In 1997, TWR was instructed to produce a one-off prototype on Nissan's behalf with a view to gaining entry in the 24 Hours of Le Mans. With a design team led by Callum and mechanical and aerodynamic design by Tony Southgate of TWR and Yutaka Hagiwara of Nismo, the Nissan R390 GT1 Le Mans was born.
Built to race under the grand touring style rules, the mid-engined supercar used a twin-turbo V8 engine to produce 632bhp in full GT1 racing form. A road car was also built to homologate the racing car – capable of attaining a top speed of 220 mph, although this claim was never proved - making the Nissan R390 about as rare as it gets.
According to Road & Track, the car’s official price tag was a cool $1 million, although it was never actually marketed. The only one ever made is on exhibition at Nissan’s global headquarters in Japan.
2001 saw the release of the Aston Martin Vanquish – Aston’s first 200mph road car – and one of Callum’s most iconic car designs. Drawing inspiration from the DB7 Vantage, the Vanquish continued the company's legendary talents for building GT cars, with a more powerful version called the Vanquish S becoming the marque's flagship in 2004.
Available in 2+0 and 2+2 seating configurations and in coupé bodystyle, the Aston Martin Vanquish featured a strong aluminium/carbon fibre composite chassis and a V12 engine, its sleek proportions and front grill shaping providing inspiration for many of Callum’s later designs, namely the Jaguar XK.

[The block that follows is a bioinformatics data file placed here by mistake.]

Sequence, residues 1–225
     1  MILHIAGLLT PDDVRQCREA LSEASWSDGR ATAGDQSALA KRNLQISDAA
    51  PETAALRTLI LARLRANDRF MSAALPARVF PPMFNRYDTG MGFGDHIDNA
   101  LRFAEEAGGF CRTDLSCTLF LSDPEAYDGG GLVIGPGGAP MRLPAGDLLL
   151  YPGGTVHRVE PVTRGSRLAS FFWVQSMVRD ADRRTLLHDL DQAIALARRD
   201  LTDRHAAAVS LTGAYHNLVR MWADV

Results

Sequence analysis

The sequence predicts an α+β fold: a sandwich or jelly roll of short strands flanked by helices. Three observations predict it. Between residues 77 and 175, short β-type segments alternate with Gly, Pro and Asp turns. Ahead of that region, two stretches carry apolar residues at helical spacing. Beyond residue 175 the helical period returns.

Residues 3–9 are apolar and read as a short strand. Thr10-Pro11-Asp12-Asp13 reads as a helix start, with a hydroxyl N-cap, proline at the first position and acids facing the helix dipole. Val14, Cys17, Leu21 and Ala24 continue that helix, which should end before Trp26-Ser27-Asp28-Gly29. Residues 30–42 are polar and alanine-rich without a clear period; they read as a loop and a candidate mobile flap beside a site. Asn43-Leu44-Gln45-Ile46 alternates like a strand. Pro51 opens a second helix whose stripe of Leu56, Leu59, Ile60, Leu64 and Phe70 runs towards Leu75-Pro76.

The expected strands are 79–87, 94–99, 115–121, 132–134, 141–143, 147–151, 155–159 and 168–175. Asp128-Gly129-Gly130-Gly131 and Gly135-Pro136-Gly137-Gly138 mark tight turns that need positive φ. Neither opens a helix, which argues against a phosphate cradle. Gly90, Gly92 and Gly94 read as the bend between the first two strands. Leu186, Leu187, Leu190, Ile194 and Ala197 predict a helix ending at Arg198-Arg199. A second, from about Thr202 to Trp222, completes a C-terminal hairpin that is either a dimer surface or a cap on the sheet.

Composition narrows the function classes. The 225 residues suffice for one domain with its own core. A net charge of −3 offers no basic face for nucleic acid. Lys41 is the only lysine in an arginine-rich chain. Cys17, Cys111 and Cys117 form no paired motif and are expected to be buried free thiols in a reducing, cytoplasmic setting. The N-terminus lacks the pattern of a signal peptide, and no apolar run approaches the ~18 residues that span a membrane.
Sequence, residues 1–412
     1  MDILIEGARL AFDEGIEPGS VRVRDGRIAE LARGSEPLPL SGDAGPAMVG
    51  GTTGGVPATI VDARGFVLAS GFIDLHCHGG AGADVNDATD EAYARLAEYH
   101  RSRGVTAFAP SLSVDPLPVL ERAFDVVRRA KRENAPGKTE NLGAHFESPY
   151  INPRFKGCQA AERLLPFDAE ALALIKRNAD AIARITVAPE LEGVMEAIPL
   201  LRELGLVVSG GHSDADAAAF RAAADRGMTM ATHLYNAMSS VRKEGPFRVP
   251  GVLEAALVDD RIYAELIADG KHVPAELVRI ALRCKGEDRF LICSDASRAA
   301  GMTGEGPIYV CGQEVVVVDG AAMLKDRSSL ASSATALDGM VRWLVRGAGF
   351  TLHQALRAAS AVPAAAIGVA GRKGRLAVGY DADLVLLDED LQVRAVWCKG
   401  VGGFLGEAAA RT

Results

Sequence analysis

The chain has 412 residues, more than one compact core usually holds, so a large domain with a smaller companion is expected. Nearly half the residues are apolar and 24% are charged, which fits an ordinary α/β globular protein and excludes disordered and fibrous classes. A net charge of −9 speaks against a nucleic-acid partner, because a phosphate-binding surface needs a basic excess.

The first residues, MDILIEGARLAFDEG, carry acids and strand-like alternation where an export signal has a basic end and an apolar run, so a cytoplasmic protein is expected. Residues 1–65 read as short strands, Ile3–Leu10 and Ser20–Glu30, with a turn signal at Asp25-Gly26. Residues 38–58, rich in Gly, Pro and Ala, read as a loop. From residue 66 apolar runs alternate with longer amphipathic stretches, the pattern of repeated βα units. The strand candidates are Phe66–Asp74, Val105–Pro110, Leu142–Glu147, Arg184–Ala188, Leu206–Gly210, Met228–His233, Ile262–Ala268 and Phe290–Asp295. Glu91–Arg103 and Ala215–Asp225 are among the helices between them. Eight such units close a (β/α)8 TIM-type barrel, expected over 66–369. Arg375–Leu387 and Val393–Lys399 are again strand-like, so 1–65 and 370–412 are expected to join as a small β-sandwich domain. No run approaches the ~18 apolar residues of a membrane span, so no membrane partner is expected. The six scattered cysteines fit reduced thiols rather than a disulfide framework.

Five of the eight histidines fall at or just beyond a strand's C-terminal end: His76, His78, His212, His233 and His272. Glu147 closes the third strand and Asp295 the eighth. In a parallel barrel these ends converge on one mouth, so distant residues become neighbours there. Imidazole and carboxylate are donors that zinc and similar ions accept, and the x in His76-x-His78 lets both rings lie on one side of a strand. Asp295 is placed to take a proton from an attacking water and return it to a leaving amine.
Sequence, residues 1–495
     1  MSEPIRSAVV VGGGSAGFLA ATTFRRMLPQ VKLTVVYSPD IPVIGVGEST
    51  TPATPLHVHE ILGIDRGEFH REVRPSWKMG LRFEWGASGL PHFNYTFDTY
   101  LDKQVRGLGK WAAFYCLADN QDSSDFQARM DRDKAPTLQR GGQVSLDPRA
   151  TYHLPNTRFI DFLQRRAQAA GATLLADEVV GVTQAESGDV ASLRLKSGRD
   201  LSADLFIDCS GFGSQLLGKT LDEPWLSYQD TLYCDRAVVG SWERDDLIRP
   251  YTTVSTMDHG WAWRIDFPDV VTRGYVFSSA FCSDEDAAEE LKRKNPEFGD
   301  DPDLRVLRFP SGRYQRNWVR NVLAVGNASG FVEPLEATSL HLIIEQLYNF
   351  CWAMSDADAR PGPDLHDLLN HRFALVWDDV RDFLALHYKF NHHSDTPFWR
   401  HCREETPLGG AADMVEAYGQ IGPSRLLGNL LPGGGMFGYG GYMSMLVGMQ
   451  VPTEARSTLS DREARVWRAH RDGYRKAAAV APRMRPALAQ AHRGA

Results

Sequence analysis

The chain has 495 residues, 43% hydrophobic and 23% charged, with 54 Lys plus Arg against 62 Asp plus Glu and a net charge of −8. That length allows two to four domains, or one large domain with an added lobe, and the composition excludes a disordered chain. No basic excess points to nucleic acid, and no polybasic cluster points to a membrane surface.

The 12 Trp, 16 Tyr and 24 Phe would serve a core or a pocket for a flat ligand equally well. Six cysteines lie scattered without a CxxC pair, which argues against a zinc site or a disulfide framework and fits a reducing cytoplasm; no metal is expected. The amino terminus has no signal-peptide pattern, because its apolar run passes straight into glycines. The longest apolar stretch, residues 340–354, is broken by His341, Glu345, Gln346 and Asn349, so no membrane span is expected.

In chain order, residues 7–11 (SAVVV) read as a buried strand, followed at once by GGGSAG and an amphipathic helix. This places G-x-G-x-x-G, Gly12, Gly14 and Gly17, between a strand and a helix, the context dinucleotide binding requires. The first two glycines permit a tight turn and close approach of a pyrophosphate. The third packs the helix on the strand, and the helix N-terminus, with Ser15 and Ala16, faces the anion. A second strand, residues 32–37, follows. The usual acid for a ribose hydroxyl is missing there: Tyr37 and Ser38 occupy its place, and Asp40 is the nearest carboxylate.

The Vanquish also helped put Callum on the map when it became the poster car for the 2002 James Bond film Die Another Day, earning the V12 Vanquish the number three spot on the list of Best Film Cars Ever, behind the Minis from The Italian Job and the DB5 from Goldfinger and Thunderball.
Following the death of Geoff Lawson in 1999, Callum was appointed Design Director at Jaguar, marking the start of two decades at the luxury automaker. It is here where Callum truly made his mark, moving Jaguar away from the more traditional-looking designs of the X-Type, S-Type and XJ to a new contemporary design philosophy beginning with the 2006 XK.
In 2008, Callum helped to design the new Jaguar XF. Replacing the Jaguar S-Type, the XF’s distinctive style incorporates an oval mesh grille reminiscent of the original Jaguar XJ of 1968 and marks a significant step forward in Jaguar's design direction with Callum himself describing it as one of his career highlights.
The XF also went on to win a host of awards including What Car? Best Executive Car award four times in a row and was named Car of the Decade by Auto Express in 2011.
Finally, a list of Callum’s greatest designs wouldn’t be complete without mentioning the Jaguar F-TYPE Convertible – a spiritual successor to the famous E-Type and one of the most beautiful sports convertibles ever produced.
Launched in 2013, the F-TYPE convertible doesn’t just look phenomenal – it sounds phenomenal too, the later V6 400hp Sport version not only giving the F-TYPE the roar it deserves, but also plenty of power too, accelerating from 0-60mph in just 4.9 seconds
But it is the F-TYPE’s sexy good looks that truly turns heads, with its classic front-engined, rear-wheel-drive layout making the F-TYPE is a thoroughly modern car and arguably, one of Callum’s greatest achievements.
So, what is next for Jaguar and for Callum? Well, while Callum is moving on to "pursue other design projects" leaving Julian Thomson to take over as his successor, he is still going to continue to work with the company as a design consultant. Personally, we can't wait to see what Callum has in store next...